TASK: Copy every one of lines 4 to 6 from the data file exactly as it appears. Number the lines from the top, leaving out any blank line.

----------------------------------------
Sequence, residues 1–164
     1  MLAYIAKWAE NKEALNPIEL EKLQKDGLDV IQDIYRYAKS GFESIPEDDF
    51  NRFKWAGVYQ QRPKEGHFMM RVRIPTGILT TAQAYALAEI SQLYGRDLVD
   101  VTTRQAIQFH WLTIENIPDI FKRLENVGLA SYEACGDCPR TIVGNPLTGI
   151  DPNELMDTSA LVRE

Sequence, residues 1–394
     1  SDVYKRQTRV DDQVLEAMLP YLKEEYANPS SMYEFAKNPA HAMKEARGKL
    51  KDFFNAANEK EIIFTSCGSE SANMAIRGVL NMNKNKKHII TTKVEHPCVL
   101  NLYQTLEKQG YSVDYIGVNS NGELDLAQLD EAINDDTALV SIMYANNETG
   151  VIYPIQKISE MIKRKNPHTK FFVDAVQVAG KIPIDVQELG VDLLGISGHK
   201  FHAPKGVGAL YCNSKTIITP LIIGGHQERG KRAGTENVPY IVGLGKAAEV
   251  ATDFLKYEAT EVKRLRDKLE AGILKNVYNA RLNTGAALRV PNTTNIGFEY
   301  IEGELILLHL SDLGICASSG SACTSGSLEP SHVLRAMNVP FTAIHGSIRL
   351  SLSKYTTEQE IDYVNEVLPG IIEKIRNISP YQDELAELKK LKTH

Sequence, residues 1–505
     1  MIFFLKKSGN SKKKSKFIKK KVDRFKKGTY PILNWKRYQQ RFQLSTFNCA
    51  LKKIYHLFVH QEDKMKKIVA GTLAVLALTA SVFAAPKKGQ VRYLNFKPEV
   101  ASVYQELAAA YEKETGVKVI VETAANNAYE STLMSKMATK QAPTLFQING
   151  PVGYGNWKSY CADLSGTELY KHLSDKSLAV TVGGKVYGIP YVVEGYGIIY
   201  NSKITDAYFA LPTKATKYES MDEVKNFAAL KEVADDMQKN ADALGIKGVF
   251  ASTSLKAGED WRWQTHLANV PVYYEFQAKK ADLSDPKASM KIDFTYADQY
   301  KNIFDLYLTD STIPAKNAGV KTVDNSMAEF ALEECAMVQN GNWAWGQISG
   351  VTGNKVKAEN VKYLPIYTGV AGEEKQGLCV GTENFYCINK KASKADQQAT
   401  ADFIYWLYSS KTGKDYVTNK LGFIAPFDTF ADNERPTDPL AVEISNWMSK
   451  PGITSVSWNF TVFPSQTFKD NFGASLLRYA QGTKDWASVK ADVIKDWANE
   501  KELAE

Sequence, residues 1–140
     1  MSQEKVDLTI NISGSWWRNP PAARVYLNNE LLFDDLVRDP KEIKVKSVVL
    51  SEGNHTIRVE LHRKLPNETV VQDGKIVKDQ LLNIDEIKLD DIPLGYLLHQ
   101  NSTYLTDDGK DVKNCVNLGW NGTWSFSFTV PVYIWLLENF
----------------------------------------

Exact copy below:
   101  VTTRQAIQFH WLTIENIPDI FKRLENVGLA SYEACGDCPR TIVGNPLTGI
   151  DPNELMDTSA LVRE

Sequence, residues 1–394